In a video lecture I watched recently, psychologist Ross Greene said that while parents of challenging kids may have more work cut out for them, they also get to go along on the ride with their children. While other parents are enjoying their child's accomplishments--some athletic achievement or winning a student council election or being a great artist, etc.--they are not as involved in the nitty-gritty day-to-day processes of learning any of these kinds of skills. With some encouragement and a good instructor, their kids just take off. In contrast, at our house, there is a lot of time spent on skills such as handwriting and chewing and learning how to introduce oneself to another child, among other things. So when the "sh" sound is properly pronounced for the first time or when one of my children writes his name legibly on a page, these are worthy of celebration. Parents of typical kids could celebrate these things, too, but they probably pass by unmarked because they are expected.
I have gotten to do quite a bit of celebrating with my kids. There are too many milestones to list--taking a vitamin, letting water get in his face in the shower, staying dry at night (every now and then it happens!), learning how to stick his tongue out, sitting still during church, hearing a passing dump truck honk its horn and not having a meltdown, coloring a picture mostly in the lines, alternating feet going up the stairs, playing with another kid at the playground, touching something wet. My husband and I jump around and cheer for these things, buy special treats and give big hugs. We appreciate the complexity of the neurological pathway that had to be formed to accomplish a feat, the anxiety that had to be overcome, the many months of therapy that led to the success. And we get to celebrate! It may sound trivial, but these are really special moments. Kids notice when parents invest time in helping them learn something and they enjoy being congratulated on a job well done.
Growing up, there were a lot of expectations for the kids in my family. Whether it was doing our homework, cleaning our rooms, doing chores, performing to the best of our abilities in extracurriculars, etc., we did it and moved on. Perhaps there was a pat on the back or recognition of something special. We definitely were not ignored or neglected. But it feels so much different as I raise my own kids. I know them so well. They trust me to know when they need a hand, when it is not obvious to someone else that my son can't bend over to pick up a toy, or when one of them needs to hide his face in my shirt because of a particular smell. They know that I get what their limits are, that if they've had to focus for a long period on something and tolerated loud noises in a crowded place, then they just might need assistance if another challenge arises and their reserves have been used up. They know that I am there for them in the middle of the night. Or that I will help them calm down when someone bumps into them and no one gets why they are crying since they are not hurt. They don't often have to explain their reactions to me, and when they do, they know I am listening. I love the closeness that I have with my kids. I pray that I have the strength to continue to be a good listener and a shoulder to lean as the years pass and the challenges get more complicated.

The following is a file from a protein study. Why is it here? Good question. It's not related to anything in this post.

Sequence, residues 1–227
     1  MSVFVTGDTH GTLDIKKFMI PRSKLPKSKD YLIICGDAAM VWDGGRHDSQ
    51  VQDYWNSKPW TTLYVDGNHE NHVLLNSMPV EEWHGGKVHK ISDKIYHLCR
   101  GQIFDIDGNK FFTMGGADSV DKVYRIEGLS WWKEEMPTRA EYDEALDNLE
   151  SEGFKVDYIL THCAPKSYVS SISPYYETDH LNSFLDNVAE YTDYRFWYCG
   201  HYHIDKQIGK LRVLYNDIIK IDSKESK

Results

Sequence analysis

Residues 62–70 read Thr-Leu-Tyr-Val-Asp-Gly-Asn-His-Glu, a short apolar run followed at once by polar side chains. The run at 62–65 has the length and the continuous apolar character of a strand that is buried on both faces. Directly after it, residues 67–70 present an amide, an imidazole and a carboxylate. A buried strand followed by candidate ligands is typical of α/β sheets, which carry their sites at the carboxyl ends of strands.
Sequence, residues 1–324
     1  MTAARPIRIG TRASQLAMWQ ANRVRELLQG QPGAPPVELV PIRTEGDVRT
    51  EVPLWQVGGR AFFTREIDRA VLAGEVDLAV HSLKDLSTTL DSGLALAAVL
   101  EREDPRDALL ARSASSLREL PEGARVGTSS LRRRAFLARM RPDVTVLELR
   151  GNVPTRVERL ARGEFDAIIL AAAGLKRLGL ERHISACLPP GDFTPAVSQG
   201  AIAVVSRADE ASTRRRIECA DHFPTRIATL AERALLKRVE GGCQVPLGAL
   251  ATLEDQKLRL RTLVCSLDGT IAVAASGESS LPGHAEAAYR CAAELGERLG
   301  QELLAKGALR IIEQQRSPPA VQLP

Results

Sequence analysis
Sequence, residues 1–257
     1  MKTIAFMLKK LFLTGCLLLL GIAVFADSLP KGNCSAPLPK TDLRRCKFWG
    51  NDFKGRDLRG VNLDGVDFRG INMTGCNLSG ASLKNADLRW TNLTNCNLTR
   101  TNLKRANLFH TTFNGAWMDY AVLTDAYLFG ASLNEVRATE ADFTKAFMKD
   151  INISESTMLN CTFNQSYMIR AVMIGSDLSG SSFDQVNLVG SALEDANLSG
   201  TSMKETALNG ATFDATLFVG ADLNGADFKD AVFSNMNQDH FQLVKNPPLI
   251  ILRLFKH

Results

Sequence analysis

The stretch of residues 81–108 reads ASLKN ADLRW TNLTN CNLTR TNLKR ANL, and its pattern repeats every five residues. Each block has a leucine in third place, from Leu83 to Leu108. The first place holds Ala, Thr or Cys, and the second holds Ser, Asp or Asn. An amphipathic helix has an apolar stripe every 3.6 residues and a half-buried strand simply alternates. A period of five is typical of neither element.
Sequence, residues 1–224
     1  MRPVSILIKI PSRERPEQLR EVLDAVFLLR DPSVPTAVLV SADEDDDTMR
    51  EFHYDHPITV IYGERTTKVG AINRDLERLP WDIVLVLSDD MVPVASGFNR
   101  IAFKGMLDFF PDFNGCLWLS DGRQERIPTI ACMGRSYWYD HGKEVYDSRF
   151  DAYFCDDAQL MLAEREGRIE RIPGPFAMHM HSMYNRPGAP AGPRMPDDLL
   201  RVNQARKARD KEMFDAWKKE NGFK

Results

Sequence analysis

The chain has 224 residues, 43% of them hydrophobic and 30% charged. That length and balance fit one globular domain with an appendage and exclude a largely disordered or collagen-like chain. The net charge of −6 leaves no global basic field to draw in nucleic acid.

If things came to them more easily, would I have put in as much effort to understand them? Their gifts, their fears, what makes them tick? It's hard to say, but it is easy to conceive that I might have taken many of their accomplishments for granted. So amidst all of the day-to-day work of raising these complicated kids, we get to celebrate pretty often. While my friends who are parents of typical kids don't get it when I excitedly proclaim that my youngest son took a bite of chocolate pudding, there are others who will jump up and cheer--friends, teachers, therapists, and our church family. And that is another huge blessing in itself, having those special people who can celebrate with us.
I have days where I wonder what I would change about my kids if I could change something. Would I get rid of allergies? Take away speech problems? Anxiety? Motor-planning problems? If I could pick one thing, which would I take away, what is the hardest thing? It's a pointless debate I have in my head, and I've learned to stop before I spend more than 30 seconds thinking about it. I can't choose the challenges my kids have to deal with any more than someone else gets to choose whether they get cancer or lose their job. If I could pick, I wouldn't allow any of these hardships. But the reality in this fallen world is that I don't get to pick. In eternity, the challenges will all be resolved. Until then, I'm on this ride with my kids. They are great travel companions and I am going to enjoy the journey with them.